(a) Precursor (m/z 220) and product (m/z 136) ions of Z standard analyzed in the positive-ion mode.

(b) Precursor (m/z 225) and product (m/z 136) ions of the d3-dihydrozeatin internal standard analyzed in the positive-ion mode.

Download figure to PowerPoint

image

Figure 4. Fragmentation patterns for labeled and unlabeled GA4 standards.

(a) Precursor (m/z 331) and product (m/z 213) ions of GA4 standard analyzed in the negative-ion mode.

(b) Precursor (m/z 333) and product (m/z 215) ions of the d2-GA4 internal standard analyzed in the negative-ion mode.

Download figure to PowerPoint

Table 1.  Summary of precursor-to-product ion transitions used for the quantification of 15 plant hormones and plant hormone metabolites in thermodormant and germinating lettuce seeds using RP-LC/ESI–MS/MS
AnalytesMRM FunctionRetention time (min)TransitionInternal standardsMRM FunctionRetention time (min)Transition
Z19.30220 > 136d3-DHZ19.46225 > 136
ZR111.17352 > 220d3-DHZR111.27357 > 225
DPA212.05281 > 171d3-DPA211.99284 > 174
IAAsp212.72289 > 132d5-IAA416.57179 > 135
GA3213.89345 > 221d2-GA1214.01349 > 275
GA1214.01347 > 273d2-GA1214.01349 > 275
2iP314.09204 > 136d6−2iP313.96210 > 137
ABA-GE214.50425 > 263d5-ABA-GE214.44430 > 268
PA214.99279 > 139d3-PA214.99282 > 142
IPA315.65336 > 204d6-IPA315.50342 > 210
7′-OH-ABA215.91279 > 151d4-7′-OH-ABA215.91283 > 154
IAA416.72174 > 130d5-IAA416.57179 > 135
ABA418.10263 > 153d4-ABA418.01267 > 156
GA7422.75329 > 223d2-GA4422.93333 > 215
GA4422.96331 > 213d2-GA4422.93333 > 215
Retention times for the various compounds by reversed-phase LC/ESI–MS/MS in the multiple reaction monitoring mode

A solution containing a cocktail mixture of all unlabeled standards (15 compounds) and the deuterium-labeled internal standards (12 compounds) was separated by reversed-phase high-performance liquid chromatography (RP-HPLC) to determine the retention times for the various analytes. This entailed MRM for a total of 27 compounds in a single run. It was expected that each unlabeled analyte/deuterated internal standard pair would co-elute with the same or similar retention times. Of the 15 endogenous compounds investigated, 11 were completely resolved using our RP-HPLC conditions. The retention times for the different compounds and their internal standards are summarized in Table 1.

In order to further enhance the sensitivity of the RP-HPLC/ESI–MS/MS system, four separate functions were implemented in the MRM mode so that only ions eluted during the specified retention windows were monitored (Table 1). From 0 to 12 min, only Z, ZR and their internal standards d3-DHZ and d3-DHZR, respectively, were monitored in the positive-ion mode in function 1. In function 2, DPA, IAAsp, GA1, GA3, ABA-GE, PA, 7′-OH-ABA and their internal standards (see Table 1) were monitored from 12 to 16.7 min in the negative-ion mode. The cytokinins isopentenyladenine (2iP) and isopentenyladenosine (IPA) and their deuterium-labeled analogs were also monitored from 12 to 16.7 min, but were in function 3 because they were analyzed in the positive-ion mode. Between 15 and 24 min, IAA, ABA, GA4, GA7 and their respective internal standards were analyzed in negative-ion mode in function 4 (Table 1). The resulting HPLC chromatogram is shown in Figure 5(a).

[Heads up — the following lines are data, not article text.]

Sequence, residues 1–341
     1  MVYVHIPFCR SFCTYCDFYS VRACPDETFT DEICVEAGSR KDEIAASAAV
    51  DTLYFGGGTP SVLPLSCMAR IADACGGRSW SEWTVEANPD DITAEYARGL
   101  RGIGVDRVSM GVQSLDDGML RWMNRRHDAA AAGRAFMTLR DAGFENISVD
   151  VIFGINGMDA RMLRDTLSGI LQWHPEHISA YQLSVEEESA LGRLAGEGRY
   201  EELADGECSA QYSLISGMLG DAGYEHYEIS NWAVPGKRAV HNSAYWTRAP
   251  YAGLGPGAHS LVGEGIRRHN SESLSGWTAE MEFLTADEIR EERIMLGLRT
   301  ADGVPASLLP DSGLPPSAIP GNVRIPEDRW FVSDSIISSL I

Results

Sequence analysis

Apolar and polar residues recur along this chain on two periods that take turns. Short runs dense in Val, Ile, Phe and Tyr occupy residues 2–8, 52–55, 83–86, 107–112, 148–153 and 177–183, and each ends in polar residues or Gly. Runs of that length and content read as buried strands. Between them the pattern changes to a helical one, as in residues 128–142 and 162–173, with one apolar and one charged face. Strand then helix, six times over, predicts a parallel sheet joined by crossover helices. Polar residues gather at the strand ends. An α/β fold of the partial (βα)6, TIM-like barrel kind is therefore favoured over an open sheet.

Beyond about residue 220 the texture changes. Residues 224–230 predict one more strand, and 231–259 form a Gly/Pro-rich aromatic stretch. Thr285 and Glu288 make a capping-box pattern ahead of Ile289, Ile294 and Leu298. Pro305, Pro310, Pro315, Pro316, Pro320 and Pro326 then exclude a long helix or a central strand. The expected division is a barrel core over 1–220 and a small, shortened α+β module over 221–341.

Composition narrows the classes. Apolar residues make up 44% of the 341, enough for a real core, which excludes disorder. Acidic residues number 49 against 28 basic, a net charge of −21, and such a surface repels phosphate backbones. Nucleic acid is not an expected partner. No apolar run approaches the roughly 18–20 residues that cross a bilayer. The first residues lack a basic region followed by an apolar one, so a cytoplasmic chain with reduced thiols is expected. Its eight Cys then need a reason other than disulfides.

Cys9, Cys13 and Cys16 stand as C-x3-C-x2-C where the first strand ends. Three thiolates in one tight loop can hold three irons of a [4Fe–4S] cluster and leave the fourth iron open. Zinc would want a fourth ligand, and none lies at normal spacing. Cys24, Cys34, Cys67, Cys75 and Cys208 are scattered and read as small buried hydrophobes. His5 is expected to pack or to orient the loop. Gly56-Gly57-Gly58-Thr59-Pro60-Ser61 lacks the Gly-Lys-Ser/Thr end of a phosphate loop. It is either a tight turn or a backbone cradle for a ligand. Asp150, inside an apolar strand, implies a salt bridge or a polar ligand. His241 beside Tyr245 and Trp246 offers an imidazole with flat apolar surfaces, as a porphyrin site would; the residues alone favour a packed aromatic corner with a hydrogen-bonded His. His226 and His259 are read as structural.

image

Figure 5. Seperation of compounds by HPLC ESI–MS/MS.

(a) Total ion current chromatogram of 15 plant hormones and metabolites and 12 deuterium-labeled analogs separated by reversed-phase liquid chromatography (RP-LC). The retention times of the compounds in the chromatogram are: 9.33 min for Z and d3-dihydrozeatin; 11.17 min for ZR and d3-dihydrozeatin riboside; 12.05 min for dihydrophaseic acid (DPA) and d3-DPA; 12.72 min for IAAsp; 13.89 min for GA1, GA3 and d2-GA1, 14.50 min for ABA-GE and d5-ABA-GE; 14.99 min for phaseic acid (PA) and d3-PA; 15.91 min for 7′-hydroxy ABA (7′-OH-ABA) and d4-7′-OH-ABA; 14.03 min for isopentenyladenine (2iP) and d6-2iP; 15.56 min for isopentenyladenosine (IPA) and d6-IPA; 16.72 min for indole-3-acetic acid (IAA) and d5-IAA; 18.10 min for ABA and d4-ABA; and 22.75 min for GA4, GA7, and d2-GA4.

(b) HPLC/ESI–MS/MS chromatogram for GA1, GA3, and d2-GA1 under multiple reaction monitoring (MRM) conditions. By monitoring for specific precursor to product ion transitions in the MRM mode, co-eluting peaks for d2-GA1 (m/z 348.8 > 274.8), GA1 (m/z 346.8 > 272.8), and GA3 (m/z 344.8 > 220.8) can be resolved.

Download figure to PowerPoint

Calibration curves

Solutions containing varying amounts of each unlabeled analyte compound and a known, fixed amount of the corresponding deuterium-labeled internal standard (IS) were used to create calibration curves. The resulting calibration curves were linear in the concentration ranges selected for the different compounds (R2 values of 0.956–0.998). Although the chromatographic peaks for each analyte/IS pair overlapped, the signals could be resolved by monitoring for their different precursor-to-product ion transitions (Figure 5a,b). D5-IAA, d2-GA1, and d2-GA4 were found to be appropriate internal standards for IAAsp, GA3, and GA7, respectively, as the calibration curves for these three compounds were also linear. The limits of quantification (LOQ) for the different plant hormones and metabolites ranged from 0.682 fmol for Z to 1.530 pmol for ABA, and the limits of detection (LOD) ranged from 0.486 fmol for Z to 1.127 pmol for ABA.